This intricately pierced necklace section is delicately worked in a technique know as opus interrasile. This lace-like technique became popular in the late Roman and Byzantine period, particularly for necklaces and bracelets.
For a section of the same necklace with a similar leaf motif, as above, cf. exhibition catalogue, In the Wake of Alexander: Jewellery from the Eastern Empires of Greece and Rome, Jack Ogden Ltd., London, 17 November - 1 December 1982, no. 25, front cover illustration; another section of this necklace is now in the British Museum.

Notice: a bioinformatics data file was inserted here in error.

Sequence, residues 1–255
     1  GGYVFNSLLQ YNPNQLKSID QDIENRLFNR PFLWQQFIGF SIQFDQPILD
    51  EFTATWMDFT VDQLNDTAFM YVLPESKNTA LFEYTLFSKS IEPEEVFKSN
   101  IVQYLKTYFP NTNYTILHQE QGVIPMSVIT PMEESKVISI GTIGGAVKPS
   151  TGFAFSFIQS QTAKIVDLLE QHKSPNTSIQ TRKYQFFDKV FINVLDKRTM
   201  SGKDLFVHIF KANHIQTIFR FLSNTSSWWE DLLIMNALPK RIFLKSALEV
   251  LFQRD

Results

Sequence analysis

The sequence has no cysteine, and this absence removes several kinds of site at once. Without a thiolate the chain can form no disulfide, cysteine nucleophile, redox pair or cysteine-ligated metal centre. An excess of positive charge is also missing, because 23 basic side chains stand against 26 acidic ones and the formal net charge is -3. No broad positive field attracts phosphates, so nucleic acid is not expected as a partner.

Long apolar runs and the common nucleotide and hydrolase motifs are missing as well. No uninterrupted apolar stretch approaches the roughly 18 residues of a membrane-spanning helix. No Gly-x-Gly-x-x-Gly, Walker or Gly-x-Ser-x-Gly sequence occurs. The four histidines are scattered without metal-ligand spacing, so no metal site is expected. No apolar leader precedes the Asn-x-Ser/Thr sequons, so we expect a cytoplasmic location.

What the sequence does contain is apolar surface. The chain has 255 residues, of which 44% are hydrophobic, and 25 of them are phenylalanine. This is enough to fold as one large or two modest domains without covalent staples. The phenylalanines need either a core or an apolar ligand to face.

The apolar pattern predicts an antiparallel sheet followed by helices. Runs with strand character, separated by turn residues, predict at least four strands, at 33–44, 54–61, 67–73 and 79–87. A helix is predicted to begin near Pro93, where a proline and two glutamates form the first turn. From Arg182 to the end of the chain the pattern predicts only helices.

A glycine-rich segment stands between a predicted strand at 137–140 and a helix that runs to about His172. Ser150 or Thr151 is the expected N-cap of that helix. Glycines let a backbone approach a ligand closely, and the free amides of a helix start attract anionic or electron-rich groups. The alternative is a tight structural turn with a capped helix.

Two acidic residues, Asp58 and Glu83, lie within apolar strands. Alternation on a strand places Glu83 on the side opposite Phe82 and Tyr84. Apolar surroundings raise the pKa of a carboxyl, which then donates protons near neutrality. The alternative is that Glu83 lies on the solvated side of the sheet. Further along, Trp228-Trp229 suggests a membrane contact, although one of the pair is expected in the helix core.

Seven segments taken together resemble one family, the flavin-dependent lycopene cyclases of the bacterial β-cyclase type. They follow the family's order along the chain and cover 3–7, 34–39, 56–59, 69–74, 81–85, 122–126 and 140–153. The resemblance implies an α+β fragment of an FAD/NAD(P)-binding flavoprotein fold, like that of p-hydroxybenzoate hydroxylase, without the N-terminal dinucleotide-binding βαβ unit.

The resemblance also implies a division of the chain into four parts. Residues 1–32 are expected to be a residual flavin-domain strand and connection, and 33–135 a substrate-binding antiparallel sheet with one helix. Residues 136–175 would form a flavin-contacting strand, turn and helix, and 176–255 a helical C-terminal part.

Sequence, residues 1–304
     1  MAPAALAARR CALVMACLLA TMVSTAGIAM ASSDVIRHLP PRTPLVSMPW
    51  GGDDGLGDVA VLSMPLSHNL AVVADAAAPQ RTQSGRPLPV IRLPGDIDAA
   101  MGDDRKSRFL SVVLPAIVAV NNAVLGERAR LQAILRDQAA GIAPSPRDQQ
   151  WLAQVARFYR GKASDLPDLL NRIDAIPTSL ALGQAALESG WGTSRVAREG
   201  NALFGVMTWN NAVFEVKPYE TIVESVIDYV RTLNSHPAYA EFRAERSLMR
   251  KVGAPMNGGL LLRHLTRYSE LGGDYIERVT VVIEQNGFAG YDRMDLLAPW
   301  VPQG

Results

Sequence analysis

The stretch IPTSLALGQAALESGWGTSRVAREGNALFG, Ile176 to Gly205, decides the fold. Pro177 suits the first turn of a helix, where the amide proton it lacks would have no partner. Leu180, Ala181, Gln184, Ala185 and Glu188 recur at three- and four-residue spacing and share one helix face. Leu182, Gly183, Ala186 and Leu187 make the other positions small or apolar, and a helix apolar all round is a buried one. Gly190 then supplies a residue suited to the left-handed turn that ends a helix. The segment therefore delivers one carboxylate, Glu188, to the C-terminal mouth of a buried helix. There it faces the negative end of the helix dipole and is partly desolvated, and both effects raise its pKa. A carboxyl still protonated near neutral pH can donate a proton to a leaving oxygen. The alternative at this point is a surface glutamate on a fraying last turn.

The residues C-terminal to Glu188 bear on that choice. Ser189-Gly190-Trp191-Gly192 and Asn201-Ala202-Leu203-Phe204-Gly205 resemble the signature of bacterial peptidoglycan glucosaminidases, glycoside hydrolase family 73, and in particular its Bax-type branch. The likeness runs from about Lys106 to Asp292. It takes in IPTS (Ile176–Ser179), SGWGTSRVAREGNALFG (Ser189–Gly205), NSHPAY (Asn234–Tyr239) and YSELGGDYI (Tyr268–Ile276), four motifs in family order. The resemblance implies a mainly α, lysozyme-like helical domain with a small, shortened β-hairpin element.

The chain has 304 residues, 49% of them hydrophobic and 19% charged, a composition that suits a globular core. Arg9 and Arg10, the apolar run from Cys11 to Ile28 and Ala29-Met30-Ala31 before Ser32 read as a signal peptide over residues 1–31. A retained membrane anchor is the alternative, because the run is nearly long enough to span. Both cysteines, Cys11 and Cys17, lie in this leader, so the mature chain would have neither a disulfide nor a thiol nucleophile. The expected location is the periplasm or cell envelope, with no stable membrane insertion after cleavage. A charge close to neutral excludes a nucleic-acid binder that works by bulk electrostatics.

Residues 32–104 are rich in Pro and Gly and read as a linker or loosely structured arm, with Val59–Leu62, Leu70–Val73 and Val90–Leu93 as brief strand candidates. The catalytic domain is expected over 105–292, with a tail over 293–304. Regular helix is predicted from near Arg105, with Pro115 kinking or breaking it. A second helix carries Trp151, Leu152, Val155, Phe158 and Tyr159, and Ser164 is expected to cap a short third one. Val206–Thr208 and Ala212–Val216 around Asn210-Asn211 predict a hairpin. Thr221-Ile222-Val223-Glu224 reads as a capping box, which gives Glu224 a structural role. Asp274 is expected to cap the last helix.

Cf. J. Ogden and S. Schmidt, "Late Antique jewellery: pierced work and hollow beaded wire", Jewellery Studies, 4, 1990, pp. 5-12 for a discussion of the technique; J. Ogden, Jewellery of the Ancient World, London, 1982, pp. 19, 43-44, col. pl. 3 for a pierced work bracelet; F. H. Marshall, Catalogue of the Jewellery, Greek, Etruscan and Roman, The British Museum, 1969, pp. 330-331, no. 2817, pl. LXV, for two pierced bracelet sections with hunting scenes; R. Bland and C. Johns, The Hoxne Treasure, The British Museum, 1993, col. pls. on pp. 6, 8 and 20-22 for a group of opus interrasile bracelets with similar motifs to those on the necklace in the above lot. Also, C. Johns, The Jewellery of Roman Britain, London, 1996, pp. 116-7 and 194-5, fig. 5.31, pl. 11 for the Hoxne bracelets and technique "Pierced work of this nature is one of the outstanding achievements of Roman and Byzantine goldworking, ...".